Newly revealed emails in the Harvey Weinstein trial show that his accuser contacted the movie mogul after the alleged rape and wanted to continue seeing him. She even told him that no one “understands me quite like you,” according to court papers his lawyers filed Friday.
Weinstein stands accused of rape, one of the only instances of his alleged sex crimes that may make it to a courtroom, and his accuser remains anonymous. She alleges that Weinstein raped her in a hotel room in March of 2013. Her case comes as the #MeToo movement grows, a movement that really kicked into gear when the first bombshell accusations came out against Weinstein.
The defense is attacking the accuser’s credibility, and the emails they are focusing on will play a large role in their strategy. They argued the emails suggest an “intimate, consensual relationship, not the aftermath of a rape,” as The Associated Press describes. The defense also argues that it was unfair to Weinstein that he was indicted even though the emails were never made available to the grand jury before it handed over a true bill, according to The Associated Press.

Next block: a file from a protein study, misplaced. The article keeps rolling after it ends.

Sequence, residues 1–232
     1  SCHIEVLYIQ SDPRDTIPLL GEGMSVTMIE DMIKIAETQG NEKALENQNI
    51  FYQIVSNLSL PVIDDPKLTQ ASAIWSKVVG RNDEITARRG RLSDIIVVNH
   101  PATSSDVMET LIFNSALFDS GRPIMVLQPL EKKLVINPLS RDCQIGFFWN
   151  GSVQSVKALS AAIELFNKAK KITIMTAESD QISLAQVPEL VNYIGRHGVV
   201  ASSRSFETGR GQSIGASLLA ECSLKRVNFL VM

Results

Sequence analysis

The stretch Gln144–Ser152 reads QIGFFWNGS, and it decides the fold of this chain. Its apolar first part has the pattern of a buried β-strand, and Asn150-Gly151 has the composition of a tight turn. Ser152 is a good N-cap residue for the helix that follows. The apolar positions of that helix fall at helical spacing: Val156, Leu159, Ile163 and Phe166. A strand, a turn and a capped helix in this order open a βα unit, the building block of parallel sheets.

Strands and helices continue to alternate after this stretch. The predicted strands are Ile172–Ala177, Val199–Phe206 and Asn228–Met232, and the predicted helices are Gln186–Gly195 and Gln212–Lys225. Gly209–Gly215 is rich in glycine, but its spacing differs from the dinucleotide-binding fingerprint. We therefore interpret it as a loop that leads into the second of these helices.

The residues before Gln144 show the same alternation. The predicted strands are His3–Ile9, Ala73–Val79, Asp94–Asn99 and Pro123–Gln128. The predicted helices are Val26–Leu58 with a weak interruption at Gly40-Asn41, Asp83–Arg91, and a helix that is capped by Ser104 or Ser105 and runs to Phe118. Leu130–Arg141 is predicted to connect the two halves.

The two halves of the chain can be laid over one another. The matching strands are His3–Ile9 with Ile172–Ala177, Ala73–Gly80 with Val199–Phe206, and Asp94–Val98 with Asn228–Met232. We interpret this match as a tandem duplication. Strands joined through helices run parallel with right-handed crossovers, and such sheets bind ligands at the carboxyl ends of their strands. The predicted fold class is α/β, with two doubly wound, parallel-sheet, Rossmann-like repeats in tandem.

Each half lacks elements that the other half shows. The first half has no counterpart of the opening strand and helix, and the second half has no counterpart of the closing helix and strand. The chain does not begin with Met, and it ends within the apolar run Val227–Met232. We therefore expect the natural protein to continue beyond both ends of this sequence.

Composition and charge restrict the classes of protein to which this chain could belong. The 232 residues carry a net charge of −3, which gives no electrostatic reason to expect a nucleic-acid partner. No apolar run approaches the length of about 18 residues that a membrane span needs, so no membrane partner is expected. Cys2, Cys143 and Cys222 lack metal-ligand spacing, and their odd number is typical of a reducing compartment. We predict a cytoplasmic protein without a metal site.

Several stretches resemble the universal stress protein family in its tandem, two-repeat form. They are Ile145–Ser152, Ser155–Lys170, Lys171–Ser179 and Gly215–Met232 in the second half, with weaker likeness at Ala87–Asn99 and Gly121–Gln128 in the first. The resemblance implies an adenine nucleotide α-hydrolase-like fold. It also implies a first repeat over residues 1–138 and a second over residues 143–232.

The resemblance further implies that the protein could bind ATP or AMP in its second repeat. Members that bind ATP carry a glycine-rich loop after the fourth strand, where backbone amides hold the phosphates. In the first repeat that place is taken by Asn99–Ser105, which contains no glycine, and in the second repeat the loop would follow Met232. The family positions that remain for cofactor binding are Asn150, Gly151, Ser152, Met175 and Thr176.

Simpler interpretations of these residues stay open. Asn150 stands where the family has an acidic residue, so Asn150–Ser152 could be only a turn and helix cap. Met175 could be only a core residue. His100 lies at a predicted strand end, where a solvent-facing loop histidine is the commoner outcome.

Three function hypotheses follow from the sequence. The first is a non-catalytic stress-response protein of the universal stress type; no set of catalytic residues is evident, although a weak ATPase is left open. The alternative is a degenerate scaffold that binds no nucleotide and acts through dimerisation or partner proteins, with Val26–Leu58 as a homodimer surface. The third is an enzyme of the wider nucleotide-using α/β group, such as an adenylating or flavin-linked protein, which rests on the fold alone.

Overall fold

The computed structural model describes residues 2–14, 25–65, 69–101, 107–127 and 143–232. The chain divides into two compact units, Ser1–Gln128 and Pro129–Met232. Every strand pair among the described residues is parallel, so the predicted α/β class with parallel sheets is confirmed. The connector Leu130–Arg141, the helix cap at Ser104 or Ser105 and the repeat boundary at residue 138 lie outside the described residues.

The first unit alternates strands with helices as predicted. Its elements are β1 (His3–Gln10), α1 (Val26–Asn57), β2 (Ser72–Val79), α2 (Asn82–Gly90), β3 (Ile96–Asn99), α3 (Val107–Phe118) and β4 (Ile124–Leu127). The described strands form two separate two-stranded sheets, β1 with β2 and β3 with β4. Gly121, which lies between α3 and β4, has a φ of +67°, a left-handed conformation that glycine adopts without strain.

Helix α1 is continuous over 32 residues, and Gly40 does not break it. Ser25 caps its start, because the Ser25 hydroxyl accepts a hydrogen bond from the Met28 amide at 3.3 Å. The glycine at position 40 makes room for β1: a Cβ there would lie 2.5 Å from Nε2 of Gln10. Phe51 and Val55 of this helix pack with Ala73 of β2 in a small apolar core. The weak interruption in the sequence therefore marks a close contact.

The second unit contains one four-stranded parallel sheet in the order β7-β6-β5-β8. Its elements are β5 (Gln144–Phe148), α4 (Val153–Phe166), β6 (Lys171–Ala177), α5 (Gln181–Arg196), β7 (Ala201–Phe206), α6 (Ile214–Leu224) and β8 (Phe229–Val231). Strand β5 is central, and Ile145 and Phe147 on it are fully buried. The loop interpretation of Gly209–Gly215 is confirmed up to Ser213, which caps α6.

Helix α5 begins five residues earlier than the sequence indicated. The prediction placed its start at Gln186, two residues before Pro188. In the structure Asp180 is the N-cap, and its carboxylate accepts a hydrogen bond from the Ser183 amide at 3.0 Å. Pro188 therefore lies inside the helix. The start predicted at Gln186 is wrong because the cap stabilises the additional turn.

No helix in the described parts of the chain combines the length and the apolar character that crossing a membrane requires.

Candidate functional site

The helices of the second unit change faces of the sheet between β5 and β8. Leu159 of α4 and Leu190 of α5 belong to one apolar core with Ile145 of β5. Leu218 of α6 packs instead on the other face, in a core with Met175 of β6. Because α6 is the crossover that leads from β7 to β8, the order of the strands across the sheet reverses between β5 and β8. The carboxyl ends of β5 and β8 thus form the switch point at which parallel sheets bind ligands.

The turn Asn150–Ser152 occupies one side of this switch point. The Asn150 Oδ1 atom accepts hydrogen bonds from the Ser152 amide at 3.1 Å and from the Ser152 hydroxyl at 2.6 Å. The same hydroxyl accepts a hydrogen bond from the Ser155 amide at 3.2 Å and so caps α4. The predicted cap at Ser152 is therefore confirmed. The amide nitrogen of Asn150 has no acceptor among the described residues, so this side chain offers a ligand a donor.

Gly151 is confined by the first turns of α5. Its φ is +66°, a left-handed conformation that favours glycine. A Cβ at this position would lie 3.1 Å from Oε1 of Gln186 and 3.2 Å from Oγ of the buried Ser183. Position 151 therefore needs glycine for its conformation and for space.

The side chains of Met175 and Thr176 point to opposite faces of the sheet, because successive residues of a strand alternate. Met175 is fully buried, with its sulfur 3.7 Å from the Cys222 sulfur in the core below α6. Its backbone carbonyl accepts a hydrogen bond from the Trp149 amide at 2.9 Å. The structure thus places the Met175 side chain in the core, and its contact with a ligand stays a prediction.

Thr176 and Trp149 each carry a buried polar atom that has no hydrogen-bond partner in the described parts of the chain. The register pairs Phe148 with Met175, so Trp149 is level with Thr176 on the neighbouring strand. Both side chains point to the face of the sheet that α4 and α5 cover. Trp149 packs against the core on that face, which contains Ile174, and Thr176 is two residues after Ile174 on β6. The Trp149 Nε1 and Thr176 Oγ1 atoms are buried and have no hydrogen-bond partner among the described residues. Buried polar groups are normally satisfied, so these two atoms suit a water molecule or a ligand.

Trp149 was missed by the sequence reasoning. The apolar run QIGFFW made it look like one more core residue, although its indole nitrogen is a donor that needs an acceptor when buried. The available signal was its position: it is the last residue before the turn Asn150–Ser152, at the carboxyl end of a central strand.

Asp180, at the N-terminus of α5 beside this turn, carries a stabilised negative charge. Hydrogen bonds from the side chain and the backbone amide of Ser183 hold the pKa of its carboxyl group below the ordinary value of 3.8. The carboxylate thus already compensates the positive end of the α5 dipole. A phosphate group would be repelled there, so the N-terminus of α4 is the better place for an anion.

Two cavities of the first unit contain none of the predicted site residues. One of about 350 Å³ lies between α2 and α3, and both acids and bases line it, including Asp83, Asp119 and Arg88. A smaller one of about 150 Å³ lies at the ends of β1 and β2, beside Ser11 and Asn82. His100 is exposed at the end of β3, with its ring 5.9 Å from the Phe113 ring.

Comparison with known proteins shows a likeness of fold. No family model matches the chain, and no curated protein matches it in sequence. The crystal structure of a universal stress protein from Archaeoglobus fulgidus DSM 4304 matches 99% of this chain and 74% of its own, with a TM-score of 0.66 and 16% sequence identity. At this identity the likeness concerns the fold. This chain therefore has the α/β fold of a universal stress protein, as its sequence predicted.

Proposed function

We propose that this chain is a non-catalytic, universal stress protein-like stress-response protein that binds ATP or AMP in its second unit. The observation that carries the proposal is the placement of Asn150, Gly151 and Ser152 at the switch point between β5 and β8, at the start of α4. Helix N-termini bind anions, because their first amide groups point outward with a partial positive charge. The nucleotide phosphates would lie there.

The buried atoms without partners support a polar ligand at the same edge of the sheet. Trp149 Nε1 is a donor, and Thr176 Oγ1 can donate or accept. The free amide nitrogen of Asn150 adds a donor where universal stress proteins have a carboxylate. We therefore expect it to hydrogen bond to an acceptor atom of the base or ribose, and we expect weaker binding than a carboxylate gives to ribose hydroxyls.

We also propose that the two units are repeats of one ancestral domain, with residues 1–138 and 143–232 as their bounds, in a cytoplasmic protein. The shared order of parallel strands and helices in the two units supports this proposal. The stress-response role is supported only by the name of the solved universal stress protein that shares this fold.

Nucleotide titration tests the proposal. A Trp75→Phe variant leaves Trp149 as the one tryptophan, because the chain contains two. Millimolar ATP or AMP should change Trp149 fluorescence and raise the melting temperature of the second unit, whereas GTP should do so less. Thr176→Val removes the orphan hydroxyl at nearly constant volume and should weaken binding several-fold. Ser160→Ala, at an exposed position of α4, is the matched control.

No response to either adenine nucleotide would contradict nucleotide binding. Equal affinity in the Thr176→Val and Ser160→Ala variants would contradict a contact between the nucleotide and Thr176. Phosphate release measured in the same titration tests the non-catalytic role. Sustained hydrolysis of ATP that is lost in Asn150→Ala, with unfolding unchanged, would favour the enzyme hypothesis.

Not even 30 days after the alleged rape, the accuser sent an email to Weinstein in which she praised “all you do for me,” according copies of emails filed in court. She also told him via email that “it would be great to see you again.”
Emails put together a timeline showing that the two had a continuing relationship after the alleged rape.
“There is no one else I would enjoy catching up with that understands me quite like you,” she emailed him a few years ago.
In February of 2014, she sent a message that particularly showed that she had some level of affection for Weinstein, even though that doesn’t in any way mean Weinstein didn’t sexually violate her in the past. Not being able to meet up with him as planned prompted her to email “I love you, always do. But I hate feeling like a booty call,” including a smiley face at the end of the text.
About 400 emails were filed, and none of them are accusatory in nature or more directly, according to defense lawyer Ben Brafman. He said that the prosecutors should have been aware of the emails but “likely” didn’t giver an accurate description of the communications to the grand jury, which he thinks would make the entire ordeal “fundamentally unfair.”
The Manhattan District Attorney’s office declined to comment.
New York appeals courts have sided with the idea of prosecutors not showing all evidence but remind those prosecutors that they shouldn’t be seeking indictments no matter what the facts are.